Does knowledge hinder the adventure of discovery? After concluding some work in mainland Japan one winter, my father made his way south to Okinawa—where I lived at the time—for a weekend visit, before returning to the United States. We had talked about this particular visit for some time, as it would coincide with the seasonal visit of the humpback whales to the warmer waters of our region. My father and I made arrangements to take
To love is to give— to give yourself, your heart a door flung wide to give another power over you to wound. . . . . . or to heal If God is Love, then think of the power He gives us over Himself, how He gave Himself so fully to us, Wounded for our healing to love is to give. . .
Thank you for persevering with us to the end of this conversation. This is the final and fifth part of a dialogue between Michael Hwang (LCMS Lutheran) and Benjamin Winter (Roman Catholic) on the subjects of faith and works, sin and holiness, and salvation. To get caught up, read Michael’s opening statement, along with parts II, III, and IV. In this last part, we have decided to revisit the major points of the topics we
“What must I do to be saved” (Acts 16:30)? It all comes down to this. In the end, this is the primary question upon which Lutherans and Catholics are (perceived to be?) in disagreement. In this final “question-and-answer” section of the dialogue between Michael Hwang (Lutheran) and Benjamin Winter (Catholic), we address various concerns that arise over salvation. To get caught up, read Michael’s opening statement, along with parts II, III. As always, we hope that
The Pentecostals and Charismatics are the weird cousins of the Christian denominational family. They’re the ones that go on about how important it is to be “baptized in the Holy Spirit” and preach “the full Gospel” while they get slain in the Spirit and hold Jericho marches. But you usually just end up praying they won’t start speaking in tongues at the family reunion this year. The fervor of the Pentecostals and Charismatics for their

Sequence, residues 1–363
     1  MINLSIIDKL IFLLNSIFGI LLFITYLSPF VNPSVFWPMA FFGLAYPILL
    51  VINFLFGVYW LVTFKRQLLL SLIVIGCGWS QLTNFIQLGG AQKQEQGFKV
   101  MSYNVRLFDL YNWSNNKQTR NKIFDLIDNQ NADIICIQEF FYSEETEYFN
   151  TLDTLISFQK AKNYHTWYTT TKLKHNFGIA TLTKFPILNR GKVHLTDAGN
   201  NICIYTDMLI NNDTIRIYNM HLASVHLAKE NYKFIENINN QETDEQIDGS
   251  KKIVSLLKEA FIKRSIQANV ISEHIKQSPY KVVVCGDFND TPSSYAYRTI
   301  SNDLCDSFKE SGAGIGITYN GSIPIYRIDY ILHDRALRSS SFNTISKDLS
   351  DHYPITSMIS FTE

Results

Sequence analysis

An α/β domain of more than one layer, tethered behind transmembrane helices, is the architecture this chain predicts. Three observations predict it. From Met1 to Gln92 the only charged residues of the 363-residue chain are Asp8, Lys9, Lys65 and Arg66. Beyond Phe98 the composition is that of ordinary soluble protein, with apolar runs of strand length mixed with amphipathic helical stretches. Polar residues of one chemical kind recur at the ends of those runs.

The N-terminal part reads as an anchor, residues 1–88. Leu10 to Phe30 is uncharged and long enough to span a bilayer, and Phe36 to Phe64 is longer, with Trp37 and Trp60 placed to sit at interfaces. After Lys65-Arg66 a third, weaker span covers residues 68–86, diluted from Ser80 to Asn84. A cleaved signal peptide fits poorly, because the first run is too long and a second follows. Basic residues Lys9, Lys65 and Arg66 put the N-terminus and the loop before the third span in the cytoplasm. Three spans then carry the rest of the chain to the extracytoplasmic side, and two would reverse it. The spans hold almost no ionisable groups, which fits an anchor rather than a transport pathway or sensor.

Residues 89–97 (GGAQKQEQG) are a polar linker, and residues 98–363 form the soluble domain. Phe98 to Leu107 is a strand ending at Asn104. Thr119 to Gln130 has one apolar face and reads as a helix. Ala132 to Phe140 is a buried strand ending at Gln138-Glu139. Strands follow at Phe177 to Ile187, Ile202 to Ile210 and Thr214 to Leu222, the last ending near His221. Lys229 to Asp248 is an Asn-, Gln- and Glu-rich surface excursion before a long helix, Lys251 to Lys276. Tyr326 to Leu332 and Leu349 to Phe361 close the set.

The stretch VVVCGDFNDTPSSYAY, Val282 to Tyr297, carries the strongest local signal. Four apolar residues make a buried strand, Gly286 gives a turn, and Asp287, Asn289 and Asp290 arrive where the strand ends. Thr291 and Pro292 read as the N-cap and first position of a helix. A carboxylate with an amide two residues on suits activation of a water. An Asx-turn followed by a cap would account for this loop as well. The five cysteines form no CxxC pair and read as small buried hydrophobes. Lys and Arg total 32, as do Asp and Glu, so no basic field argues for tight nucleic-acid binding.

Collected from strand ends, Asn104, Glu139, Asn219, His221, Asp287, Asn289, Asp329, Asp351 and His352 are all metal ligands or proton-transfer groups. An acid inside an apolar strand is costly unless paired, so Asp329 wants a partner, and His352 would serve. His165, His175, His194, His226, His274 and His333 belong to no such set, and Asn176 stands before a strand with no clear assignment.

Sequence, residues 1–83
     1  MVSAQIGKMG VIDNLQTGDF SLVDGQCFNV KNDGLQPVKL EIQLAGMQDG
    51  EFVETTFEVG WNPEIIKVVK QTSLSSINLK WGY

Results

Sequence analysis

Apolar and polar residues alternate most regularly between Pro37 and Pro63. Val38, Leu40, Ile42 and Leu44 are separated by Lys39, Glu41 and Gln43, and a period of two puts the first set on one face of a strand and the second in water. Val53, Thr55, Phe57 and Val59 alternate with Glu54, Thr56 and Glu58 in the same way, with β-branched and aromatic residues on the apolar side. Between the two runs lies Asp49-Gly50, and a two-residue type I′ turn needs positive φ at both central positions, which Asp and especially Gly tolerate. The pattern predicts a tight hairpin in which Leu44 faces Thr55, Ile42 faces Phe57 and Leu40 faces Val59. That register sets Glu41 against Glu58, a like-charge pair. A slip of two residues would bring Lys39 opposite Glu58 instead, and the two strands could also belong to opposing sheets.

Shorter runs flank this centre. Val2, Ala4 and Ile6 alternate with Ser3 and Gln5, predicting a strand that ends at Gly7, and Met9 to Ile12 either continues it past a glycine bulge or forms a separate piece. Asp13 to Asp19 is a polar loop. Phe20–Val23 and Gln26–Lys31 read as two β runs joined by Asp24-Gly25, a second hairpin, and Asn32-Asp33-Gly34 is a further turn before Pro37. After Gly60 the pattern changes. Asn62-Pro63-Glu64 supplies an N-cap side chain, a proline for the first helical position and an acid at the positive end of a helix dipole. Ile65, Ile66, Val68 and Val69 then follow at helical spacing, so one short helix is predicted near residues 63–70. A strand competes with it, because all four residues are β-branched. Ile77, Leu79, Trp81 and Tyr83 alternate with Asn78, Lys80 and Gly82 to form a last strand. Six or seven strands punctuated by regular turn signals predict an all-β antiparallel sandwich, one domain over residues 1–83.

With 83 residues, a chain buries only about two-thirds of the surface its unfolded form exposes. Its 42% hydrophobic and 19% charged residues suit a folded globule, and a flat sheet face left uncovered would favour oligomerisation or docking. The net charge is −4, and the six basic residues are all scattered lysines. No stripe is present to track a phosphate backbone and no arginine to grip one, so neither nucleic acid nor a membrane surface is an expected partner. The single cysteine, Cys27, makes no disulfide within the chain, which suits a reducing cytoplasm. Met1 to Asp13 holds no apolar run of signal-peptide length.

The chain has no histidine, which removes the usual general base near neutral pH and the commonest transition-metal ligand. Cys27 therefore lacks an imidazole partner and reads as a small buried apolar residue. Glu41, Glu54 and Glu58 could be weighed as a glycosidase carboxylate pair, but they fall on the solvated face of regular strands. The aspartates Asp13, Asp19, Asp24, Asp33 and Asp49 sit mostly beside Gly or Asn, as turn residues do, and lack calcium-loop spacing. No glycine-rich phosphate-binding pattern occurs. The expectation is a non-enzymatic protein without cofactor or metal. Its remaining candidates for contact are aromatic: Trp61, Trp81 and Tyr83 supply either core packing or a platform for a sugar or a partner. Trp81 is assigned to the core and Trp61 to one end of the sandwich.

Over the past month, I’ve started work as an intern for a “big four” accounting firm in the heart of Manhattan for ten weeks, trading the small world atmosphere of my college campus in North Carolina for the rat race of New York City. I’ve moved from the sidewalk of the South where people nod and speak to passersby, to the concrete jungle where you pass by thousands of people on your morning commute. To
One of the most significant debates during the centuries surrounding the Reformation (15th-18th centuries) concerned salvation, grace, and human works. It is an oversimplification to present a dichotomy between Reformation Protestants believing in salvation by faith alone and Counter-Reformation Catholics believing in salvation through faith and good works. In fact, as this article will examine, John Wesley, who founded the Protestant denomination known as Methodism, emphasizes the imitation of Christ as key for salvation. This
Ephesians 4:15 “…speaking the truth in love, we will grow to become in every respect the mature body of him who is the head, that is, Christ.” Why is truth so often served within the context of law and justice rather than love? In almost every instance where truth was used in the Old Testament, it was accompanied by love, kindness, justice, mercy, or another expression of who God is. Often truth was revealed as